On Shaky Ground With Native American Community, Elizabeth Warren Supports Reparations for Indigenous People

After facing immense backlash for identifying as Native American, Senator Elizabeth Warren is now suggesting that indigenous Americans should be "part of the conservation" about possible reparations.

Warren said on Friday evening that Native Americans, not just African-Americans, should have a seat at the table when lawmakers talk reparations. Reparations have been a topic on the campaign trail, with many 2020 candidates backing the idea for African-Americans as a way to address the legacy of slavery.

"America has an ugly history of racism," Warren said after giving addressing Democrats at an annual state dinner in New Hampshire, according to The Boston Globe. "We need to confront it head-on. And we need to talk about the right way to address it and make change."

Warren later expanded on her ideas for Native American reparations in a statement, writing that "tribal national have unique interests, priorities and histories, and should not be treated monolithically."

"I fully support the federal government doing far more to live up to its existing trust and treaty responsibilities and that includes a robust discussion about historical injustices against Native people," she added. "Tribal nations have a government-to-government relationship with the federal government, and they deserve a seat at the table in all decisions that will affect the well-being of their people and their communities."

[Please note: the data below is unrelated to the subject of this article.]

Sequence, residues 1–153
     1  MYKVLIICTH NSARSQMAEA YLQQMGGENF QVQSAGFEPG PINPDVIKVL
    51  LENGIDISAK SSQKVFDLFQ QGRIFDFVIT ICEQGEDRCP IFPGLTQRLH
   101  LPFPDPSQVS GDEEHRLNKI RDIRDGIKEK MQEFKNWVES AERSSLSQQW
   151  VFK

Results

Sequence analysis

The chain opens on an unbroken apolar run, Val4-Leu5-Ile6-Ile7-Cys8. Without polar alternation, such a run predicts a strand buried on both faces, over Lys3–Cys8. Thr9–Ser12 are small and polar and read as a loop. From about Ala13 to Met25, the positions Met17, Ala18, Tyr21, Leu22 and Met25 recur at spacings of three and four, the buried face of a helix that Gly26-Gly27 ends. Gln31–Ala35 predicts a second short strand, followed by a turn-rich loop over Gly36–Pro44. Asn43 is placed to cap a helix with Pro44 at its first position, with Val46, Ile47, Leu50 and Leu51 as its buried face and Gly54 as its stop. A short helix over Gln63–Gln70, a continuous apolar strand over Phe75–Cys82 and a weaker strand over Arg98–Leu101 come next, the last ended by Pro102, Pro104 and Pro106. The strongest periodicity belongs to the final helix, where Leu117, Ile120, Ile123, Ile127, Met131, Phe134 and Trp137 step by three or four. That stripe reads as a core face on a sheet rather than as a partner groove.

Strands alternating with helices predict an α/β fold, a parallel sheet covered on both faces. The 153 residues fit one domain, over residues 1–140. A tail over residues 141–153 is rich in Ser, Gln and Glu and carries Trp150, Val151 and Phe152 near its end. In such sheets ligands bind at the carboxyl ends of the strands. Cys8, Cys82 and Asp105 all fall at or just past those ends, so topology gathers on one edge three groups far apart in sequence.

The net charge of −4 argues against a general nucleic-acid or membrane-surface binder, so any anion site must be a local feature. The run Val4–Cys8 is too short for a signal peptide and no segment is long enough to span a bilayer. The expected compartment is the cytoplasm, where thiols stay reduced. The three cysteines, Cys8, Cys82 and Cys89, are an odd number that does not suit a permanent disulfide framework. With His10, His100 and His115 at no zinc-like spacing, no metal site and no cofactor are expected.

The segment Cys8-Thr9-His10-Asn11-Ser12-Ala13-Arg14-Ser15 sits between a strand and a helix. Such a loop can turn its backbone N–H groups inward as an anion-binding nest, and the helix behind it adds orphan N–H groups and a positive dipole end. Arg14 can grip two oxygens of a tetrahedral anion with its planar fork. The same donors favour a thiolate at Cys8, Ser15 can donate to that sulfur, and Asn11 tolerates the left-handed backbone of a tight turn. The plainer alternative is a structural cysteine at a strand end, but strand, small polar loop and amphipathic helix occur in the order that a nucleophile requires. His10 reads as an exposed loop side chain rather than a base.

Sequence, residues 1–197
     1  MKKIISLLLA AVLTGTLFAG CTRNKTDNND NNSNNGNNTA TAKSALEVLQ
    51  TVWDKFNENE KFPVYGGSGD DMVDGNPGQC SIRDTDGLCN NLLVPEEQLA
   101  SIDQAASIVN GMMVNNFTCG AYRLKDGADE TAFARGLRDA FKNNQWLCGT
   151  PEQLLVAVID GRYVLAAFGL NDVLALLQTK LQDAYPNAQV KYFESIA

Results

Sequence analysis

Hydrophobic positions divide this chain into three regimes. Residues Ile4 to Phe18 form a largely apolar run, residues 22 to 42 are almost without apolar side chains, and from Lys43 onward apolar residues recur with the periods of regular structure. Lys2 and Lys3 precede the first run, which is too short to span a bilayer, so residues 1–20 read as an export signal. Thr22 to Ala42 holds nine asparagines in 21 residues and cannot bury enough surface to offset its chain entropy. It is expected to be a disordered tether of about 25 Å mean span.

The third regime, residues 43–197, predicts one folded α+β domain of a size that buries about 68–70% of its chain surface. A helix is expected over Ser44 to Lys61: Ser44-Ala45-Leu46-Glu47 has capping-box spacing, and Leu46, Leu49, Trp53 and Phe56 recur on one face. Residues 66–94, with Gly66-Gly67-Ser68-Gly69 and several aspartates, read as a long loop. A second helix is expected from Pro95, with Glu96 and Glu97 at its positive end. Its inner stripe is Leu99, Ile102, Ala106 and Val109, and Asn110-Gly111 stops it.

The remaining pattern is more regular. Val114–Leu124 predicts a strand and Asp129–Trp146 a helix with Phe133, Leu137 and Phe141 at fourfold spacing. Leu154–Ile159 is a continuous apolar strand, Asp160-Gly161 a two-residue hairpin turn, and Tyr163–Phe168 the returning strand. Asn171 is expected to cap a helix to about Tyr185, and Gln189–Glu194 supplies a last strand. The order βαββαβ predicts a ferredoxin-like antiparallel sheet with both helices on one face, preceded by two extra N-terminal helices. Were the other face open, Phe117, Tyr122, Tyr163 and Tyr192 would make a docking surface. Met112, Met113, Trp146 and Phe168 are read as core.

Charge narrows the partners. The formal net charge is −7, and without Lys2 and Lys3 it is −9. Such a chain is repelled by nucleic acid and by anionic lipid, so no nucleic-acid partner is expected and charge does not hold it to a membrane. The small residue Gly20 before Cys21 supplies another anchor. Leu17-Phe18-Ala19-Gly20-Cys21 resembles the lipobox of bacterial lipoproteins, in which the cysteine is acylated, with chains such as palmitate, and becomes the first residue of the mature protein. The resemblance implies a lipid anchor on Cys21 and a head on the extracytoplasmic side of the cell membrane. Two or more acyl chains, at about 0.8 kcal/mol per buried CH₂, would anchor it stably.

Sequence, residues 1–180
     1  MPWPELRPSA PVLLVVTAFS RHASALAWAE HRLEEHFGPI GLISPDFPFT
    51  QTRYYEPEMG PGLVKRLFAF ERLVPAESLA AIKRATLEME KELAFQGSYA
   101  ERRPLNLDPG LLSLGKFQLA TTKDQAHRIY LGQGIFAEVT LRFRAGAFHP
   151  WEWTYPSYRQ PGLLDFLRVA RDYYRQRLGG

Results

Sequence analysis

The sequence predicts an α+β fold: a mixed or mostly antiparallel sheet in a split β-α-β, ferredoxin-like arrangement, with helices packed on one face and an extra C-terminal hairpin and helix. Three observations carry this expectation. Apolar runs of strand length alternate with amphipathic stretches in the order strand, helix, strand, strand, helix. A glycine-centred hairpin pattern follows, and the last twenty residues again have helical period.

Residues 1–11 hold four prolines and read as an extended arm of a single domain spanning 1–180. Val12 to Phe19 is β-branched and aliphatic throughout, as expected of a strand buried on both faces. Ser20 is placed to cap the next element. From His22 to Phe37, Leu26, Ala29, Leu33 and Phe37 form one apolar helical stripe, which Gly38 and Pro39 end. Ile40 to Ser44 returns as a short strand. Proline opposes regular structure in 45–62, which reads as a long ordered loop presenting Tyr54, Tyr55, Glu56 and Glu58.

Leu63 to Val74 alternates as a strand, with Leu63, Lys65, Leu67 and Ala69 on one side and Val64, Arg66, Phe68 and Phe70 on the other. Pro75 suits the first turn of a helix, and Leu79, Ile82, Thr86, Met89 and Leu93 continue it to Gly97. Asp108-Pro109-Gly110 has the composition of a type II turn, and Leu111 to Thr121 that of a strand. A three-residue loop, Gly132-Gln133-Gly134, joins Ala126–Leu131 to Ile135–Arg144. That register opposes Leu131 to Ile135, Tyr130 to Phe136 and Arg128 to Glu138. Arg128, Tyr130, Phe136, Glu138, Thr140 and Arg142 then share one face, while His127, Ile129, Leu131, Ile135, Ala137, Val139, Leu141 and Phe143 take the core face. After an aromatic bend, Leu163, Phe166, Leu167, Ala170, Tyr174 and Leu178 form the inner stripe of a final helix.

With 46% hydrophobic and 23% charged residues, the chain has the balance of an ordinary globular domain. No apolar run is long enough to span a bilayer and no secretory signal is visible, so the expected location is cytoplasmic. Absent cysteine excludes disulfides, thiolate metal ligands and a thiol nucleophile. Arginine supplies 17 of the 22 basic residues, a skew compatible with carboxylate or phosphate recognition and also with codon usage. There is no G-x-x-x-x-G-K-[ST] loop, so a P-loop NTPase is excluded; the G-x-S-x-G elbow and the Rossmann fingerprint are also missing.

Warren, who was one of the first candidates to announce her plans to run for president in 2020, has been on thin ice with the Native American community since taking a DNA test to prove her indigenous roots in 2018.

elizabeth warren iowa campaign stop
Senator Elizabeth Warren, a Democrat from Massachusetts and 2020 presidential candidate, speaks during a campaign stop in Iowa City, Iowa, on Sunday, Feb. 10, 2019. Warren has opened the door to reparations for Native Americans. Daniel Acker/Bloomberg via Getty Images

The DNA test came after Warren was mocked several times by President Donald Trump, who has taken to calling the senator "Pocahontas." She has also been fielding questions for years about why she listed herself as Native American in staff directories during her time as a college professor.

But the results showed that Warren's Native American ancestry dated back six to 10 generations, sparking widespread criticism. Cherokee Nation Secretary of State Chuck Hoskin Jr. said at the time that Warren was "undermining tribal interests with her continued claims of tribal heritage.

Trump also immediately jumped on the attacks, tweeting that Warren's test was a "scam."

The scandal continued when The Washington Post reported earlier this month that Warren wrote that she was Native American on a registration form for the Texas state bar in 1986.

Warren initially refused to apologize for her claims of Native American identity, but amid her 2020 presidential run decided to make amends with the community. According to Cherokee Nation, the senator apologized to the tribe in early February and "reaffirmed that she is not a Cherokee Nation citizen or a citizen of any tribal nation."